When it is all said and done for the current and soon-changing Falls Church City Council, the achievements of its most recent term have been formidable, and we congratulate them all – those leaving, those staying – for having moved the City forward toward long-term sustainability in very significant ways.
The underpinning of their efforts has been a palpable shift in the sentiments of the citizenry, whose numbers have continued to grow from just over 10,000 beyond 13,000 in recent years. Sustaining the quality of the school system while its enrollment has veritably exploded has compelled a new majority here to welcome levels of commercial and mixed-use development, with their offsetting tax revenue benefits, that were a much harder sell in the past.
Maintaining the path of excellence of the City’s schools in tight fiscal times can be counted as the Council’s singular major achievement, and that includes setting up the preconditions for the kind of pricey capital improvements – such as a new high school – that loom in the near future.
But coming through the recent years’ water war with giant Fairfax County with the City still on its feet, and actually situated to benefit considerably from the whole process, is another major accomplishment. The City was over a barrel, and the outcome could have been disastrous with a sequence of legal setbacks, but intransigence was supplanted by dialogue and a mutually-workable outcome was achieved and ratified by the City voters last month.
A turning point in that process began amidst gridlock in the summer of 2012 when Vice Mayor David Snyder made a very public appeal for dialogue directly to Fairfax County Board chair Sharon Bulova, an appeal that made headlines in the News-Press and got results.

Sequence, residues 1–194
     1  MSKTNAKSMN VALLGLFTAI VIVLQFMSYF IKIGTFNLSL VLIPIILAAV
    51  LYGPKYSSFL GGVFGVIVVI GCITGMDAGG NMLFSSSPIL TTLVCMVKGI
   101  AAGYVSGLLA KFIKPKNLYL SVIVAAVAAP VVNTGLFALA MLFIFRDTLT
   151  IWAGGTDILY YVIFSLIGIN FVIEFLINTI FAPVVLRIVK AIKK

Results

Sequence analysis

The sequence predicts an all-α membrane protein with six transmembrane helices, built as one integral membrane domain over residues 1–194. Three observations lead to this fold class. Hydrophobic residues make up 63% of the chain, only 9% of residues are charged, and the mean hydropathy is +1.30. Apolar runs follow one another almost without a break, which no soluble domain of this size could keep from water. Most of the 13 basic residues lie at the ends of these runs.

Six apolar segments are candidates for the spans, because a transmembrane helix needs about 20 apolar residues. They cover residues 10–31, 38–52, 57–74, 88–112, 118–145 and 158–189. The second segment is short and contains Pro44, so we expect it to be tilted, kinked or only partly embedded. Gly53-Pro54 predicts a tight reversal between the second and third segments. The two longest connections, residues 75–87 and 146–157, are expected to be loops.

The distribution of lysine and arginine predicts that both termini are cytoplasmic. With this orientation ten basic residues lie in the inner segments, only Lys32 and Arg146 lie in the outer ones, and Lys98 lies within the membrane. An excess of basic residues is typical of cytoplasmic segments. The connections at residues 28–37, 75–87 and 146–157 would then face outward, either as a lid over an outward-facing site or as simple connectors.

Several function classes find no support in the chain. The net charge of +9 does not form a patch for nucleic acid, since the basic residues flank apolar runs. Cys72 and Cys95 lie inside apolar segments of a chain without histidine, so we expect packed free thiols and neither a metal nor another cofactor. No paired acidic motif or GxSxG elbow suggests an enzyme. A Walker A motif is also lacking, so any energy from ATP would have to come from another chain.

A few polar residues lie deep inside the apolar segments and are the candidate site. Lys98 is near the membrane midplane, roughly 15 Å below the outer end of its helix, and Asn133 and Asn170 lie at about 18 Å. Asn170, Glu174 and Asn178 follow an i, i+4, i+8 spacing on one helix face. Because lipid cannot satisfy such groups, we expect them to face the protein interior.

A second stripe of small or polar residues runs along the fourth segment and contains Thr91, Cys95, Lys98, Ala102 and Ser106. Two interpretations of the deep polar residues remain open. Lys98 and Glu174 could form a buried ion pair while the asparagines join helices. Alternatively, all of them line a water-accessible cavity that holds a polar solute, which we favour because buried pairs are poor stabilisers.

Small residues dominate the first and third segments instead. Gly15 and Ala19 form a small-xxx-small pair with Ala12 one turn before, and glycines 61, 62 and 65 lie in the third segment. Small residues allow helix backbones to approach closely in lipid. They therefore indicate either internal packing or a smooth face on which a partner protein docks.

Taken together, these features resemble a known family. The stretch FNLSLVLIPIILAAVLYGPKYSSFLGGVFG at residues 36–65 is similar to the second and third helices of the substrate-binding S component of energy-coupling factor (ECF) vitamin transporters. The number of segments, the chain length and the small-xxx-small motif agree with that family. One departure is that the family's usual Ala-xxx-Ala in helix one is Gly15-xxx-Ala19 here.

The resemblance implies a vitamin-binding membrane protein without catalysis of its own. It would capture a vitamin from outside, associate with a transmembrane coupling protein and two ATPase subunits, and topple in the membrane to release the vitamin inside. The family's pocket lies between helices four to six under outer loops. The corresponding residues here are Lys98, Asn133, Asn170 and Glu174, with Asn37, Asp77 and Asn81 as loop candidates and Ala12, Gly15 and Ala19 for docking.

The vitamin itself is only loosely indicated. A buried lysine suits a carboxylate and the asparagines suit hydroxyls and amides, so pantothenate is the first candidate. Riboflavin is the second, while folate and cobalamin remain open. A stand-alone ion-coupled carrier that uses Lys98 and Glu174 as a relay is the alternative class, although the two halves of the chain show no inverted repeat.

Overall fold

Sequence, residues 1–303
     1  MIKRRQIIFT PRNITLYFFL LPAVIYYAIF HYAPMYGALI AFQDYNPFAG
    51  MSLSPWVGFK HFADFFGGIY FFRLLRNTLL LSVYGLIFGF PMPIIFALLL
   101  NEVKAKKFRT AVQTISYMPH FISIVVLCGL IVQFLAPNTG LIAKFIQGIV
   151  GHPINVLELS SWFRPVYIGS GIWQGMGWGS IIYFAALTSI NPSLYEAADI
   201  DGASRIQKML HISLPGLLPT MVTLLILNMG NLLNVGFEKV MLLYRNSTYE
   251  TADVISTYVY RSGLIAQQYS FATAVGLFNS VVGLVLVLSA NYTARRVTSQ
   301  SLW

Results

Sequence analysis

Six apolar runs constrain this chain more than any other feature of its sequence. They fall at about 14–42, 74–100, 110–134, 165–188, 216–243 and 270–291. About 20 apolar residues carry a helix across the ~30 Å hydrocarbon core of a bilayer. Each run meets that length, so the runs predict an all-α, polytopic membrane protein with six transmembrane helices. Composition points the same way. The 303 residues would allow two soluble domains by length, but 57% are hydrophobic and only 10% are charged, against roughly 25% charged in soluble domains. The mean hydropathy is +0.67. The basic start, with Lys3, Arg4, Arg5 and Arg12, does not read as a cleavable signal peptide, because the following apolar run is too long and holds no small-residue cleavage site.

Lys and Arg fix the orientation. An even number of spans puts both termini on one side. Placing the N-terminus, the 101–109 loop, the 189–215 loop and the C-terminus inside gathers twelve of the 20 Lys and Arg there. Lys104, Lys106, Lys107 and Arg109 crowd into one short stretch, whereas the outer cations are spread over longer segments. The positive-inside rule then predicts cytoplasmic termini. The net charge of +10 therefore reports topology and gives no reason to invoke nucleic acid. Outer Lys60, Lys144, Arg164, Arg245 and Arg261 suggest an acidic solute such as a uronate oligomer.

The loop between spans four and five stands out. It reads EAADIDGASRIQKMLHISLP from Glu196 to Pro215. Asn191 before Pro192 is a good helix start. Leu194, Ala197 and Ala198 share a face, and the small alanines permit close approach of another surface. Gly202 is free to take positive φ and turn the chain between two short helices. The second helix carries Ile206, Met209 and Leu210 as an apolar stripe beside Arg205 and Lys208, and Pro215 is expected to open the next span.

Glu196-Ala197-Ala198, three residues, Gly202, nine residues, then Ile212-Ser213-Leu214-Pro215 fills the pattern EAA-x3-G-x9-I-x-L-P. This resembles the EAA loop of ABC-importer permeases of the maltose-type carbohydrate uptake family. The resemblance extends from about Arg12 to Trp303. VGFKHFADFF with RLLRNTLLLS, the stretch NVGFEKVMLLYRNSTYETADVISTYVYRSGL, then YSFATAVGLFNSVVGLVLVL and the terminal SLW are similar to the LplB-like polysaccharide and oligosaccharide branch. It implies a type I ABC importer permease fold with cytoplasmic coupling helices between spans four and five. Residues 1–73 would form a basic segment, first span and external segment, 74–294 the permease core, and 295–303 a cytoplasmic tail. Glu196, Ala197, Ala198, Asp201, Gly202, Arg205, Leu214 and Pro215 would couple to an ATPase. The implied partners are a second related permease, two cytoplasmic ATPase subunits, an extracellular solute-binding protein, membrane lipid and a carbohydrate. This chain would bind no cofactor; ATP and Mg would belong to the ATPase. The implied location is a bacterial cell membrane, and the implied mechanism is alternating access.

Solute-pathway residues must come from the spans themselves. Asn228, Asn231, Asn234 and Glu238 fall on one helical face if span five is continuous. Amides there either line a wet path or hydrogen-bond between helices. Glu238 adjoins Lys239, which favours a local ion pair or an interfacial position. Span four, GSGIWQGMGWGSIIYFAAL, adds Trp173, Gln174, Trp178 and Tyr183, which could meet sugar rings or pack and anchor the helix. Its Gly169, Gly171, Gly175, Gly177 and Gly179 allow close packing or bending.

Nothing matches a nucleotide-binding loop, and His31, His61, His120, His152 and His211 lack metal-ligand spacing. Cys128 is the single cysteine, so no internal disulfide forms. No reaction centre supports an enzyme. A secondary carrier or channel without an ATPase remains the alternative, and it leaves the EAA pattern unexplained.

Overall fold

In the last year, two major new mixed use development projects were approved, the Rushmore project that will bring with it a state-of-the-art Harris Teeter grocery right in the center of downtown, and the other, the Lincoln Properties’ Reserve at Tinner Hill a few blocks away on S. Maple St. with its own formidable grocery, Fresh Market, that will begin the transformation of the City’s core, setting the parameters for much more that can be expected to follow on.
The current Council also oversaw the shift of City elections from May to November, resulting in much higher voter participation.
Often, healthy and heated differences surfaced on the City Council mostly over matters concerning the best pathway to secure the City’s fiscal stability. They often pitted a veteran ex-banker, Ira Kaylin, against others such as Phil Duncan who were more concerned for putting reserves (the famous fund balance, in particular, now at 22 percent of the annual operating budget) to what they felt was a better use serving the public.
But such candor and willingness to dissent made for a better political process, such that reaching a consensus was productive when achieved.